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Saturday, October 19, 2019
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Major trauma safe summer 1

Salford Royal Major Trauma Team launches Safe Summer campaign

A young driver who was left completely blind after a head-on collision is supporting Salford Royal’s campaign for a safer summer.


Josh McEntee was 23 when he suffered life changing injuries in a head on collision. The classic Mini he had bought just four hours previously, had no air bags and both Josh and his cousin - who was a passenger in the car - took the full impact of the crash.


Josh’s 42-year-old cousin died in the crash and Josh was taken to Salford Royal’s Major Trauma Centre where he remained in a coma for five days.


Josh now features in a short video as part of the #SafeSummer campaign along with some of the many healthcare professionals involved in major trauma care at Salford Royal including emergency department clinicians, radiologists and rehabilitation therapists. The video appeals to everyone to think before taking risks so everyone can enjoy a super but safe summer.


During the summer months, admissions to Salford Royal’s major trauma unit increase with patients suffering life changing and often life threatening injuries.


As the weather improves and more people spend the days outside in the sun, the number of accidents involving alcohol consumption, road accidents and slips and trips begin to soar.


During the summer of 2018, there were 715 major trauma admissions in Salford compared with 591 in the winter.


In the past two years, more than 2,000 major trauma patients taken to Salford Royal suffered life changing brain and spinal injuries and more than 500 had serious limb and pelvic injuries needing extensive reconstruction or amputation.


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Major trauma Josh McEntee
Josh McEntee

When Josh woke from his coma he discovered he was completely blind and remained in hospital for three months.


“I went from having 20:20 vision to being in total darkness,” said Josh, who is now 26 and lives in Stockport.


“I had multiple injuries including two broken legs, broken eye sockets, broken nose and a brain injury.”


Investigations revealed Josh’s car had a mechanical fault, which caused the vehicle to veer into the lane of oncoming traffic.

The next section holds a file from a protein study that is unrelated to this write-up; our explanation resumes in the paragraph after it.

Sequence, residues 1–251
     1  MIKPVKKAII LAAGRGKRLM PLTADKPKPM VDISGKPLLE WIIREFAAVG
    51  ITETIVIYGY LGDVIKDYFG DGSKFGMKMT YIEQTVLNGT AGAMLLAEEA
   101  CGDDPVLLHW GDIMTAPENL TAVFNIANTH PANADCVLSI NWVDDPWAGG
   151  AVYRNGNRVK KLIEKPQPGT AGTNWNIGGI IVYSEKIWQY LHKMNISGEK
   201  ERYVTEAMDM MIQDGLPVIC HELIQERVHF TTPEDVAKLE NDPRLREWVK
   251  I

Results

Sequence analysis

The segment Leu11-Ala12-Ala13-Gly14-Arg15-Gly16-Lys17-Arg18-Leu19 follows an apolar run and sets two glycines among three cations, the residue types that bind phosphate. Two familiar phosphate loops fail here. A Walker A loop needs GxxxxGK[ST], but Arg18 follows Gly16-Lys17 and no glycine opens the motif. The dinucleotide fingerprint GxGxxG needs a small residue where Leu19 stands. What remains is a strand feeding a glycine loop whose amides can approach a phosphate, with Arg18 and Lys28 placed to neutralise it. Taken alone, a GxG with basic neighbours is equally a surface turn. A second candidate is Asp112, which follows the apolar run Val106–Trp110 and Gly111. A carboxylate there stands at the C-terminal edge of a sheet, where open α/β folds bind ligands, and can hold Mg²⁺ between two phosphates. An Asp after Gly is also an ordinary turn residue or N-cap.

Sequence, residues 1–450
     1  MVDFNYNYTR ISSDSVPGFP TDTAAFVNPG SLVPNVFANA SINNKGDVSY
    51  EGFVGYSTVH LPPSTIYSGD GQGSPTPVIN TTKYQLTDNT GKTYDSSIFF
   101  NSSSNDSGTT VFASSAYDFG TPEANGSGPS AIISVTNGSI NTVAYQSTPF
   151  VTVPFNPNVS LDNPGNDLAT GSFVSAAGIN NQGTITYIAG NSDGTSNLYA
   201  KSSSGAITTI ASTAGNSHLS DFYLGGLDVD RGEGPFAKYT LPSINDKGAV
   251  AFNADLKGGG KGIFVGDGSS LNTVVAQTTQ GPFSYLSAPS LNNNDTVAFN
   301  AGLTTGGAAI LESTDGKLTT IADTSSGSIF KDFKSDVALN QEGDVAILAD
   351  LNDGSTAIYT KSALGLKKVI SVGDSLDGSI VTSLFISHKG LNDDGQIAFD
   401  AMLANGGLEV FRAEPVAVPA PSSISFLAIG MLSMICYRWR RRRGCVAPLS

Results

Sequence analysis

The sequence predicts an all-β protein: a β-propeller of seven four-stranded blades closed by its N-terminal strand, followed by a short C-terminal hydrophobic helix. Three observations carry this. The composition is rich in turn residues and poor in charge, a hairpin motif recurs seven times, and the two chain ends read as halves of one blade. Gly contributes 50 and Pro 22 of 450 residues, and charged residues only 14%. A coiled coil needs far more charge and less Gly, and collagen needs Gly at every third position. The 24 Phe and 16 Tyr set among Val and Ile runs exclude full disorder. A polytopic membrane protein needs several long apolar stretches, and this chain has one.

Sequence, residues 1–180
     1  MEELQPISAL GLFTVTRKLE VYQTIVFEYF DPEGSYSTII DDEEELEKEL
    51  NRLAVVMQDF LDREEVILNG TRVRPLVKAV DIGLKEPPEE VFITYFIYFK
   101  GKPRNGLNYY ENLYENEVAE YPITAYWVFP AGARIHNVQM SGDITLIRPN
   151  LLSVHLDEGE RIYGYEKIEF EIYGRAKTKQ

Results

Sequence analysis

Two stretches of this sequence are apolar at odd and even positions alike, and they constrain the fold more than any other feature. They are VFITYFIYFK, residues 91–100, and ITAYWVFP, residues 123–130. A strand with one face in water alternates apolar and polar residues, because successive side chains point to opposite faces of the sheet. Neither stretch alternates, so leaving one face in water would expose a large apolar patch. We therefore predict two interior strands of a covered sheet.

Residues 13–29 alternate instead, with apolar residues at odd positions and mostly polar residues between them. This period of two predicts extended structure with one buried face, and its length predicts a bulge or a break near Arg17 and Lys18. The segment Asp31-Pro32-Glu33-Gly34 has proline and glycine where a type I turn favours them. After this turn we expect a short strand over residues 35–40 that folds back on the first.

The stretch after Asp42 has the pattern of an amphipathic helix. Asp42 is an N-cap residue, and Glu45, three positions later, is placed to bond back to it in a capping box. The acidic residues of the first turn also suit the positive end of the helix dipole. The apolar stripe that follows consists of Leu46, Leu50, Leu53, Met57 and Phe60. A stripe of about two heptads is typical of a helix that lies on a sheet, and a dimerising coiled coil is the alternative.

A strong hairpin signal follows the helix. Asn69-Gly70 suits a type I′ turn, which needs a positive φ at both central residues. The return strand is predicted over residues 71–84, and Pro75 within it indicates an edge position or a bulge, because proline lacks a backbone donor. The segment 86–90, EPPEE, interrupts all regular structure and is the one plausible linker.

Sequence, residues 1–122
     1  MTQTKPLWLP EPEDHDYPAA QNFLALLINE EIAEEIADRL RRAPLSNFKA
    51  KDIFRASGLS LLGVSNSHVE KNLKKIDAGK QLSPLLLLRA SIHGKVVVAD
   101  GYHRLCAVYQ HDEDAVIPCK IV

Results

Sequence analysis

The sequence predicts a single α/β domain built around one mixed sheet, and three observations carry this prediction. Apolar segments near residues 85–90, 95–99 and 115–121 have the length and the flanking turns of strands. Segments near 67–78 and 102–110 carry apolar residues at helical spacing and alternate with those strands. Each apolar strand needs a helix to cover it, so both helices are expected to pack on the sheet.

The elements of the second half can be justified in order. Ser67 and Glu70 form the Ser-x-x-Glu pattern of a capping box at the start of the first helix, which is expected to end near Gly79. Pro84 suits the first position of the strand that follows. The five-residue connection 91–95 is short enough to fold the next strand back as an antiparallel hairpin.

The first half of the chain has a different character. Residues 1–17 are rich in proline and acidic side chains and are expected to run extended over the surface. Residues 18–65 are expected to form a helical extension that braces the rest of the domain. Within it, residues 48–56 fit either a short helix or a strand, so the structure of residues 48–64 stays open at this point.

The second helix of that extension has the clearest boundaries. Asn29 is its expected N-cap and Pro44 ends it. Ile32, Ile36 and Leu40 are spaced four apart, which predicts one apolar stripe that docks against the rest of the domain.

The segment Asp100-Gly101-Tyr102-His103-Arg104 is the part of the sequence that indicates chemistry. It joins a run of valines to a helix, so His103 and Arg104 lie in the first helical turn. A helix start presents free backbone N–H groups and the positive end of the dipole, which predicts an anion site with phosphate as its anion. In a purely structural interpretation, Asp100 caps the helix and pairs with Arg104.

Josh said: “The people in the other car were fine because they were in a modern car but because the Mini didn’t have any safety features, the steering wheel just hit me in the face.


“I’ve adapted my life and learned to live with no sight. You do feel vulnerable; it’s like going about your daily life blindfolded.”


Major trauma services in the region are provided via the Greater Manchester Major Trauma Network.


By taking patients with multiple, complex and serious major trauma injuries directly to a major trauma centre, they will be treated at a hospital designed for the definitive care of seriously-injured patients with immediate access to Consultant-led care and early CT scanning, which significantly improves patient outcomes.


Drinking alcohol can often lead to people taking more risks, which in some cases, ends with a trip to the major trauma centre at Salford – Greater Manchester’s principle receiving site for the region’s sickest patients.


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Major trauma safe summer 2

Sister Karen Higham-Deakin, Major Trauma Co-ordinator at Salford Royal, said: “People spend more time outside in the summer and unfortunately, we see all too often the devastating consequences of people taking risks that they wouldn’t usually take.


“We’ve seen many serious injuries caused by a bad fall on a trampoline and some patients have suffered serious spinal or neck injuries by slipping in a paddling pool while they are a bit tipsy.”


Major trauma is a life threatening or life changing serious physical injury, which typically involves more than one injury.


Josh, who now plays Paralympic team sport Goalball for Great Britain, added: “I fully support a safer summer campaign. If we can stop one person getting into a serious accident it’s well worth it.”


Stuart Wildman, Consultant Nurse in Major Trauma at Salford Royal, added: “Of course we want people to relax and have a good time but all we ask is that people take care and think before they act so we can all have a super, safe summer.”


On average, Salford Royal sees more male major trauma patients than female and in summer the average age is lower.


Falls from your own height are the biggest cause of major trauma injuries, followed by incidents involving vehicles and then assaults.

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Major trauma Stuart Wildman
Stuart Wildman